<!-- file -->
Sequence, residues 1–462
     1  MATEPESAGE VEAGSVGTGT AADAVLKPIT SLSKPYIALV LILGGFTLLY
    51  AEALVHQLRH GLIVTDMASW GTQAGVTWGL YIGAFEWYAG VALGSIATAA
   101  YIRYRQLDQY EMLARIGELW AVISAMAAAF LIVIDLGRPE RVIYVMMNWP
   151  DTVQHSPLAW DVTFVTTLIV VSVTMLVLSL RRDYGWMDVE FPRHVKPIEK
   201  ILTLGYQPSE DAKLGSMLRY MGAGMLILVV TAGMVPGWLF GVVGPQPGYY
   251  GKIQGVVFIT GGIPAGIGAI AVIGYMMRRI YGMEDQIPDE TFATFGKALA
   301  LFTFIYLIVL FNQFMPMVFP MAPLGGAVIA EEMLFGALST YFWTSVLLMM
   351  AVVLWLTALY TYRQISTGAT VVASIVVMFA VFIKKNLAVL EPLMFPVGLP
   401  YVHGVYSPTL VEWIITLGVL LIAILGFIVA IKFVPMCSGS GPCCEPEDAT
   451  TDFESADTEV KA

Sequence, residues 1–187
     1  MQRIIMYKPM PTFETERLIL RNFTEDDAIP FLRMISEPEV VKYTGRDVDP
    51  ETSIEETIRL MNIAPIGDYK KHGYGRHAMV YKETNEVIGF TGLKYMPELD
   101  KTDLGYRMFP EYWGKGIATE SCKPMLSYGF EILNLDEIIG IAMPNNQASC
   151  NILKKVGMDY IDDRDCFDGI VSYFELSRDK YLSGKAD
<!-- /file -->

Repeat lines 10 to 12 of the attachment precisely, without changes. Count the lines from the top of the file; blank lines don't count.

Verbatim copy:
   401  YVHGVYSPTL VEWIITLGVL LIAILGFIVA IKFVPMCSGS GPCCEPEDAT
   451  TDFESADTEV KA

Sequence, residues 1–187